Believe it or not, the biggest buyers of new and used cars in America is not your average Joe on the street, the government or even big multinational corporations. It’s the rental car industry. They lease over a million vehicles, every year, and also sell thousands of used cars every year. And that brings up one very big problem: recalls.
The Challenges With Rentals and Recalls
Recalls make rental companies shudder, because they can ground thousands of cars for weeks. For example, during the massive Toyota recall in 2010, 22% of the entire rental fleet was under recall. It’s an enormous undertaking to bring literally thousands of vehicles to an authorized repair facility, fix them, and get them back on the road. This situation is complicated by the fact that every day a car is off the road, it’s costing the rental agency money in the form of depreciation fees. And, like any large endeavor, there are problems with tracking; a car might be fixed, but not marked fixed, or the franchisee holding the vehicle might think the car has been fixed when it hasn’t.
Or the franchisee might simply not care, or think the problem is too minor to warrant the financial losses he’ll face if he takes the vehicle off the lot. This goes all the way up to the executive level: committees at the top of big rental agencies will look at recalls, and see if they can apply an interim fix that will keep the car on the road until it can be fully fixed. This may sound ominous, but it’s not: for example, when one recall found that floor mats were making an accelerator stick…they just ordered their franchises to remove all the floor mats from that particular vehicle model.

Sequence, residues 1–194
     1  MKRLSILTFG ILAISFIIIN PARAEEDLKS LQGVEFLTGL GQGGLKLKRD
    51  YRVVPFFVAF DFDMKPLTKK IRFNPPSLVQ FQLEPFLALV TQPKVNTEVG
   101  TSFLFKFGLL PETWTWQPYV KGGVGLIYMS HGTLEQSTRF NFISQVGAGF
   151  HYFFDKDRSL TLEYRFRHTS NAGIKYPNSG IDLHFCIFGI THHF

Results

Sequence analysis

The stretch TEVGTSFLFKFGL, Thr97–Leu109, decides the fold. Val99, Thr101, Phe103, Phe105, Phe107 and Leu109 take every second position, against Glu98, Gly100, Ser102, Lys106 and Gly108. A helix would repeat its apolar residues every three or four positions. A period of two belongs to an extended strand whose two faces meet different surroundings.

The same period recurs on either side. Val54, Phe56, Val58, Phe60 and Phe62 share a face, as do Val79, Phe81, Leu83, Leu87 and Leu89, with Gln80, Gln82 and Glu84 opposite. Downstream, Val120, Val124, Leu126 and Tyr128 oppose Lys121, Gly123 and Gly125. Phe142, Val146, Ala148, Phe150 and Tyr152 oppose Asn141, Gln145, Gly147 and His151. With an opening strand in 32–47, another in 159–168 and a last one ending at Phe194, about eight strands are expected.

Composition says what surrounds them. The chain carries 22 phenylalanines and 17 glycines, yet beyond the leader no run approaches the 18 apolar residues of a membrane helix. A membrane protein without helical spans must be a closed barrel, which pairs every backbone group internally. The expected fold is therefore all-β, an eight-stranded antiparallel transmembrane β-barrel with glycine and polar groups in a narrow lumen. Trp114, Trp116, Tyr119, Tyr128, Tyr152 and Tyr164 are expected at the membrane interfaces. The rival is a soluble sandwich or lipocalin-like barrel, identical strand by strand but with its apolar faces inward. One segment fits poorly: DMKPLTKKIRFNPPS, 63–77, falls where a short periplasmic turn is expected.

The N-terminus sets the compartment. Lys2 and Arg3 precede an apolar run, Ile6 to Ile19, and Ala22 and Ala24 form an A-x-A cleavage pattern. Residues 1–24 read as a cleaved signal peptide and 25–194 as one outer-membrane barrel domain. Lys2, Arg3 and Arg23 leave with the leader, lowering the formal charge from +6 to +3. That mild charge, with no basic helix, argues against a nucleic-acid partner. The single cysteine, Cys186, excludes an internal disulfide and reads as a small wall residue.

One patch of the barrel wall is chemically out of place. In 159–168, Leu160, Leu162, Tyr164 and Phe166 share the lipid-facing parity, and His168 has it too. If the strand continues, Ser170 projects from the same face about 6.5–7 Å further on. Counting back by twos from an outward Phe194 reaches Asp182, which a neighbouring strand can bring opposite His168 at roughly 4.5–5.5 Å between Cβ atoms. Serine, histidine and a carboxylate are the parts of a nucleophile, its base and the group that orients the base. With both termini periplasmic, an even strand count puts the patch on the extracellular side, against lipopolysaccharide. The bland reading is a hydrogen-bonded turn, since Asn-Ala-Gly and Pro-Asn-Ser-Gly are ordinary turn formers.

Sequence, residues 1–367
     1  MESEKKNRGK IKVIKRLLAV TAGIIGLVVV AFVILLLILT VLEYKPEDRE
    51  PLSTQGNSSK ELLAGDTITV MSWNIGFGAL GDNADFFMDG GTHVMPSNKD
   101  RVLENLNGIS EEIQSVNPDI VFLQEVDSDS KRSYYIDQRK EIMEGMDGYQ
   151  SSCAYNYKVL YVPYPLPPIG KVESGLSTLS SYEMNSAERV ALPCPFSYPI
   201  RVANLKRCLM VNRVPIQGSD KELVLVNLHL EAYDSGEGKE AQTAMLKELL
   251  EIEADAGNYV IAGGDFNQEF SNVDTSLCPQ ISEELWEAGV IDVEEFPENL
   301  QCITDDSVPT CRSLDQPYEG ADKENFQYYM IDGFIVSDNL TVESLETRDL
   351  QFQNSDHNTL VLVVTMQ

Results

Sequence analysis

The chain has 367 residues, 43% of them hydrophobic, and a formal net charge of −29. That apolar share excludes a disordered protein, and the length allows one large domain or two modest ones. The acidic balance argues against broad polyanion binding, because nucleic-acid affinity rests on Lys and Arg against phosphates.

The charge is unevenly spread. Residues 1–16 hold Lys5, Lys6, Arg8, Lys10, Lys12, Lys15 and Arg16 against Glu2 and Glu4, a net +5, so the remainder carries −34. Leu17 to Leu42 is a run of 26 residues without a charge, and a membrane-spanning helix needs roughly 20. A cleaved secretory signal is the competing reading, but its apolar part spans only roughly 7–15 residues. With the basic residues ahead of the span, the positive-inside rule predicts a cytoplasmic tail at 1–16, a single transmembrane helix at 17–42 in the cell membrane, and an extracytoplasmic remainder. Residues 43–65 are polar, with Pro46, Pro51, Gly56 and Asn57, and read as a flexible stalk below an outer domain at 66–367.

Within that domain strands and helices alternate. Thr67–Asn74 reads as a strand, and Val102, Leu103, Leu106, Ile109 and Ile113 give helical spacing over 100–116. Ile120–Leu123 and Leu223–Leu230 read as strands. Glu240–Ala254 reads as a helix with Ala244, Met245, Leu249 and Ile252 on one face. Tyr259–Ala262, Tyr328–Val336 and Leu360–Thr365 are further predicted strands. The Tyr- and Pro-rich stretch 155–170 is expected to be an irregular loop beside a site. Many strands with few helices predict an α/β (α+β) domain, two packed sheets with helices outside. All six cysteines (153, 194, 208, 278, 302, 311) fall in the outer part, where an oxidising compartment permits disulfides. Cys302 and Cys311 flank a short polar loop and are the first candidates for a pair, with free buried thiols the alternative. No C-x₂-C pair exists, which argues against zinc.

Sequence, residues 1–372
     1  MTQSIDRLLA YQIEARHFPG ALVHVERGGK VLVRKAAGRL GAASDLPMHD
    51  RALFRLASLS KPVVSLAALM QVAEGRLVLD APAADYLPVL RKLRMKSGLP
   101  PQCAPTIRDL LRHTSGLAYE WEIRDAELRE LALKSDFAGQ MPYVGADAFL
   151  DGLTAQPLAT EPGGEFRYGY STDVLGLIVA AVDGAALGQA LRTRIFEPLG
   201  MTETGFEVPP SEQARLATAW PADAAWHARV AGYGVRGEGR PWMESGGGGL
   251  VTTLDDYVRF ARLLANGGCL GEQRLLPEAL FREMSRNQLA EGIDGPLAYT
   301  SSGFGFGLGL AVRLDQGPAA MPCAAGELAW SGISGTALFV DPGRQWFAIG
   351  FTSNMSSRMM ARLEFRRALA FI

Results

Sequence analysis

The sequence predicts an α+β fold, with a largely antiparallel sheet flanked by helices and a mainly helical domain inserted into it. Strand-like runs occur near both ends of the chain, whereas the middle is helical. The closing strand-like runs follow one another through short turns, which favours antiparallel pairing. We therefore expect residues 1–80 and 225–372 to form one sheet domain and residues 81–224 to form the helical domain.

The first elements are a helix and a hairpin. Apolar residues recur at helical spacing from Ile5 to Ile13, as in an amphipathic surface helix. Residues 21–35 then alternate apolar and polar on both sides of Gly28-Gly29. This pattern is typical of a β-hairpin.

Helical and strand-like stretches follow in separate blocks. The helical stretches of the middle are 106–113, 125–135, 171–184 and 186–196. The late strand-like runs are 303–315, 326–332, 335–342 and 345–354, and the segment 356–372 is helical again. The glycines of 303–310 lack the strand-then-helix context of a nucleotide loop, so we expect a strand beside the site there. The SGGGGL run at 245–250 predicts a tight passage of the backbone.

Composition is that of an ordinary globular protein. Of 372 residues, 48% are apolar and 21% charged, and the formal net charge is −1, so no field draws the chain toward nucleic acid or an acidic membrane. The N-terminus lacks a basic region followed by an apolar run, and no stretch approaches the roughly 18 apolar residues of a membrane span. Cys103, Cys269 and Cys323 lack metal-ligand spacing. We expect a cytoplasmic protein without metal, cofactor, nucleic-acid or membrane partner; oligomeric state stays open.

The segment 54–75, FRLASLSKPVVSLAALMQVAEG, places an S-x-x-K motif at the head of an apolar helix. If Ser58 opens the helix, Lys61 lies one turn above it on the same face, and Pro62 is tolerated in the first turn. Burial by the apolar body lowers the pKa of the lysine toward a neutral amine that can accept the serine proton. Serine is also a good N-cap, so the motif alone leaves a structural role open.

Why? Because realistically, grounding the cars means a long wait. Even though they own their own garages, the problem becomes one of volume: there’s only so much a mechanic can do in a day. Documents provided by the rental companies pretty much say it all: not a single one managed to fix all of its recalled vehicles within a year.
No Safety Features, Either?
A bigger problem? Rental vehicles may not have the safety features of consumer-purchased cars; if a safety feature is optional, it’s unlikely that a rental car will have it, in order to keep overhead down. Anything from electronic control stabilization to side curtain airbags might not be in the car you’re driving. Although, we’d have to think that some of the cost of these safety features would be offset by reduced car insurance rates.
The rental industry, of course, is pretty vigorous in protesting their case: for example, part of the reason they can’t hit a 100% recall fix rate is because they simply sell the cars before a recall notice comes in. And they point out those safety features are, indeed, optional, and they have to keep overhead down. None of this is stopping consumer safety advocates for pushing for federal legislation to make rentals safer.
How to Protect Yourself
In the meantime, protect yourself with some common sense:
– When looking at cars, check to see if the year and model has any recalls, and if so, for what. Consider renting another vehicle if it does.
– Ask the salesperson which safety features are installed in the cars. If you’re not happy, ask to be switched to a safer car for the same price: there is no "upgrade fee" and it’s entirely at the salesperson’s discretion what to charge, so haggle them down to zero.
– Be prepared to walk away. If you don’t feel safe in a vehicle, don’t drive it.
Practice this and you’ll be safe on the road, no matter what percentage of their vehicles the rental agencies have fixed.